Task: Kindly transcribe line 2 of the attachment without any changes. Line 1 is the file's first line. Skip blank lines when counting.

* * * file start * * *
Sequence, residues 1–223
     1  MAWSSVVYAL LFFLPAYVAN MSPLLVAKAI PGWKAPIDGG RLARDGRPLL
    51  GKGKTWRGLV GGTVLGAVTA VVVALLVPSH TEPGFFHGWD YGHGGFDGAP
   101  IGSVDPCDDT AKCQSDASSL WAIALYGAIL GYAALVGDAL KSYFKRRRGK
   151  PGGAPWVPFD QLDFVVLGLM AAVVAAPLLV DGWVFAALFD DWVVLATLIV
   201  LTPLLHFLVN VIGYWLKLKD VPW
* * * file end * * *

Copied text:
     1  MAWSSVVYAL LFFLPAYVAN MSPLLVAKAI PGWKAPIDGG RLARDGRPLL